If you watch a plant in the flowering stage, you’ll see that it doesn’t get taller or develop growth nodes after about week 6. It only “focuses” on making buds. Topping or FIMing at this point won’t do any good. Damaging your plant during the budding stage will often cause a reduction in your final yields because you’re just taking away more plant/bud sites and may cause unnecessary stress during the crucial bud-building phase.

By the time your plants are in the flowering stage, much of the growth structure has already been created, and you generally need to try to manage as best you can if your plant has grown into a shape you don’t like.

What if my plant is already too tall in the flowering stage?

If your plant is already too tall in the flowering stage for your grow setup, you’ve got to take immediate action to prevent the plant from getting any taller.

My suggestion is to use bending (LST) your plant to control the height of further growth. Very careful supercropping can also be used if you have a stem that is far taller than the others.

Once flowering is fully underway (after the initial flowering stretch), the plant will not grow much taller, so you can just try to hang on until harvest. Sometimes you may even have to harvest a particularly tall cola ahead of time to prevent it from getting bleached or burned. Don’t stress, it happens to us all! I recommend trying to take it as a learning experience 🙂

How Can You Tell That Your Plant is Diverting Energy to New Colas?

Almost immediately after topping or FIMing, the connections to each node become enlarged at the base.

These thickened connections demonstrate that your cannabis plant is spreading energy more evenly across the whole plant.

When you see your plant thicken connections like this, it means that the plant is strengthening the “internal system” of the stem, so it’s easier to deliver nutrients and other building blocks. This results in faster growth, bigger colas, and increased yields for each of the affected stems.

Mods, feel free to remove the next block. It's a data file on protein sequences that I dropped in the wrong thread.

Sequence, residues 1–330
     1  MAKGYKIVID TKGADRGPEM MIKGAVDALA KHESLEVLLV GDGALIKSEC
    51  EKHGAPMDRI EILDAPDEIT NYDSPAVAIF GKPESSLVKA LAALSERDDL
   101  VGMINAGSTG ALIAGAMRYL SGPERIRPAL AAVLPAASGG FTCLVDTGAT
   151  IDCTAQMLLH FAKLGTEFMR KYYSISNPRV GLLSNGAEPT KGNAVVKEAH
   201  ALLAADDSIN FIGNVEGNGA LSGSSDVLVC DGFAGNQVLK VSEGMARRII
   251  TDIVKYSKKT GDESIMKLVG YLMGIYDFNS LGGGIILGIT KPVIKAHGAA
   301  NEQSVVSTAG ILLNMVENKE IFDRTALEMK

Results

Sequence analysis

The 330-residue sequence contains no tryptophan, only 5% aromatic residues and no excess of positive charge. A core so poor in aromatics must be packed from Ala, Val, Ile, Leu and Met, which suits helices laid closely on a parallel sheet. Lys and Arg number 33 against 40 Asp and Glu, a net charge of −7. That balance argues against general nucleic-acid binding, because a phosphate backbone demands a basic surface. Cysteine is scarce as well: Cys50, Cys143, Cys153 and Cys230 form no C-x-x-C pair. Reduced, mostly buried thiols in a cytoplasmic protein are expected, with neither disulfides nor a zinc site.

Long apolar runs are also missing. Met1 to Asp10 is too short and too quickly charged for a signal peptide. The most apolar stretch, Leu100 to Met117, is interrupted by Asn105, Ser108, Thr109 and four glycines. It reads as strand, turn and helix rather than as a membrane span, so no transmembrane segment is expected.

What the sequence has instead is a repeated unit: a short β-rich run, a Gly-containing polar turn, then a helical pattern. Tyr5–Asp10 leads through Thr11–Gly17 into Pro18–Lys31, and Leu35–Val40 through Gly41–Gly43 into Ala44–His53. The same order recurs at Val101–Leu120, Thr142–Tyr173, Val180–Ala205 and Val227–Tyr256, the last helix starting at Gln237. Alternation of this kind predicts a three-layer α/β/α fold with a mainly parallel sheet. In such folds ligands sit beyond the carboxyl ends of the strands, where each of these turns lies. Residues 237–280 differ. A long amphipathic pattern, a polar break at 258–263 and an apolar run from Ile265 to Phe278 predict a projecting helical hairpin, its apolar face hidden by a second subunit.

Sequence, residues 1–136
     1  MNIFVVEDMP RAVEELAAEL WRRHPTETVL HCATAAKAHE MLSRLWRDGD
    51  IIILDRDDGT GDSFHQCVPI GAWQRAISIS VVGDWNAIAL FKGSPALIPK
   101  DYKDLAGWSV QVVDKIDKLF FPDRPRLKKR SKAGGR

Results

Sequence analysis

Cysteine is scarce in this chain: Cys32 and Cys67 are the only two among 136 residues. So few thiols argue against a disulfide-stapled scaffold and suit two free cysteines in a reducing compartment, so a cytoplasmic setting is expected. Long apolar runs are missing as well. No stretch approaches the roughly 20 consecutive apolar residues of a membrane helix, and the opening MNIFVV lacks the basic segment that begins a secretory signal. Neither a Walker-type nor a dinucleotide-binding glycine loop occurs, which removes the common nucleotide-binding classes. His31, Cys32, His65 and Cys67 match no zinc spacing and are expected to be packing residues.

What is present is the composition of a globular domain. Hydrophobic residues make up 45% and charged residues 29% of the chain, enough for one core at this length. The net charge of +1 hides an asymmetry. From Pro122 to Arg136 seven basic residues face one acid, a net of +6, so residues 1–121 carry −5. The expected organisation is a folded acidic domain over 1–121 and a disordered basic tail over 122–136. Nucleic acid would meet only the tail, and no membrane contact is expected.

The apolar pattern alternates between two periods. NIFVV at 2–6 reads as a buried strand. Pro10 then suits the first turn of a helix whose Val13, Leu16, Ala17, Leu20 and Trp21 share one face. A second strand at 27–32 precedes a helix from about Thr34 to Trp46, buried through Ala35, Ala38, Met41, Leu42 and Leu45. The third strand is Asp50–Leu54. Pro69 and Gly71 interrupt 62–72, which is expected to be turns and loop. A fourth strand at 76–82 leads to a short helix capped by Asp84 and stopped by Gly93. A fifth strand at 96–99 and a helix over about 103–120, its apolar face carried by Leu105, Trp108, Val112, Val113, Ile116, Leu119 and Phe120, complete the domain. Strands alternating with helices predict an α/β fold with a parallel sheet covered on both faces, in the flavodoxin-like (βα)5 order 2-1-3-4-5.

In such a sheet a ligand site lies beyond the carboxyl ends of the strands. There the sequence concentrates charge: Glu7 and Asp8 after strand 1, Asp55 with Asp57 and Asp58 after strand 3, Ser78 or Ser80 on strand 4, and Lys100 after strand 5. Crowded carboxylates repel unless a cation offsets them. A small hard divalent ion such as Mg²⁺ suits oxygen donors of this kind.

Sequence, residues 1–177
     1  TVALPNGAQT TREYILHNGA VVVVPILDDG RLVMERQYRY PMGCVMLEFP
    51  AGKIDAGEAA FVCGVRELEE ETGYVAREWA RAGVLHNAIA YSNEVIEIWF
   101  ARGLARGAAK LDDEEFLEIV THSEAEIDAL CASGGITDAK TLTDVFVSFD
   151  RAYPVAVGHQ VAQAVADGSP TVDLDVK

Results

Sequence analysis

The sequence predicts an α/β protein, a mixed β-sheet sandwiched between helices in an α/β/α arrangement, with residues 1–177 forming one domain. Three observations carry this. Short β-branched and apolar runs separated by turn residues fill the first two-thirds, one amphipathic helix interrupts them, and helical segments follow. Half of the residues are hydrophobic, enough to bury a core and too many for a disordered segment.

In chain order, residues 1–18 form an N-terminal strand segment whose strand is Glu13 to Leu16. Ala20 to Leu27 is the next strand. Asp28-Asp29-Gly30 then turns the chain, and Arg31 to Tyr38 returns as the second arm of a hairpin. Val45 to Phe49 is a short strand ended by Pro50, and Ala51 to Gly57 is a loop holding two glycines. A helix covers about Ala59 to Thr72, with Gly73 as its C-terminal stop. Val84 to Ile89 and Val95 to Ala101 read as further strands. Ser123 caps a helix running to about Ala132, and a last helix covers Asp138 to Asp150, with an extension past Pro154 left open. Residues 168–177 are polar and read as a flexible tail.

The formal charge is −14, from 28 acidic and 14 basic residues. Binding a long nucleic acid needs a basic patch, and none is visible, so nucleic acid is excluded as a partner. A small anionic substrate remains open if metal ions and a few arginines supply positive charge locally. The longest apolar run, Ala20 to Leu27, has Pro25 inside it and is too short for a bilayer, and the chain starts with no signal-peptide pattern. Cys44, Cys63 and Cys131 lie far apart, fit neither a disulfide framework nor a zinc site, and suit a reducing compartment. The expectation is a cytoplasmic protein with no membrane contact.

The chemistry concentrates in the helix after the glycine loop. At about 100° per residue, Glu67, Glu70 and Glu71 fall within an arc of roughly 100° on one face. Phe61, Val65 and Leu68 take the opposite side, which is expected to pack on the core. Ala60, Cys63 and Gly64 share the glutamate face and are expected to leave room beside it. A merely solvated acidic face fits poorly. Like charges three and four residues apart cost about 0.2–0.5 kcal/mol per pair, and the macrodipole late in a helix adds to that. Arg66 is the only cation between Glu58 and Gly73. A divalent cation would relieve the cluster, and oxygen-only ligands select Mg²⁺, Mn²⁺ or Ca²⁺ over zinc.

The thickening that happens at the base of stems is one sign that the plant is diverting energy to the new colas (where before it was putting the majority of its energy into just the one main cola).

As time goes on, the most used stems can become so thick they’re almost like tree trunks.

Topping Your Cannabis Plant

When topping your cannabis, you cut off a growing node of the plant, reducing the height instantly. This can be especially beneficial if you’ve let your plant get too tall. Topping also increases the number of colas, which can give you more bud at harvest,

Never Top Cannabis in the Flowering Stage!

When topping your marijuana plant, it’s best to top the plant when it is young, and has 4-6 nodes (sets of leaves) in total. Although you could do it a little earlier, you’re more likely to accidentally stunt your plant the younger it is. Additionally, the less actual plant matter you take off, the less likely the plant will get stressed. Think about it, if you’re taking off 10% of the plant it will have much less effect than if you took off 30% of the plant.

“Topping” the plant means cutting off the newest node on your marijuana plant’s main cola in order to split it into two. However, the word “topping” can also refer to cutting of the tip of any stem.

A good place to top is directly above the leaves of the next node. In other words, cut through the stem right above its next set of leaves from the top.

Topping will cause your plant to transfer its energy to two new main colas, as indicated by the two yellow dots in the diagram above.

Make sure to leave a little extra stem behind for reinforcement. This helps strengthen the two new colas to prevent them from splitting down the middle.

14-day Timelapse Video of a Cannabis Plant’s Recover After Being Topped

These 2 new colas for a V which can easily be bent to spread wide. You can top these two new colas a few weeks later and have 4 total colas. This can even be doubled to produce 8 colas that all come from a single “manifold.” Learn more about manifolding cannabis.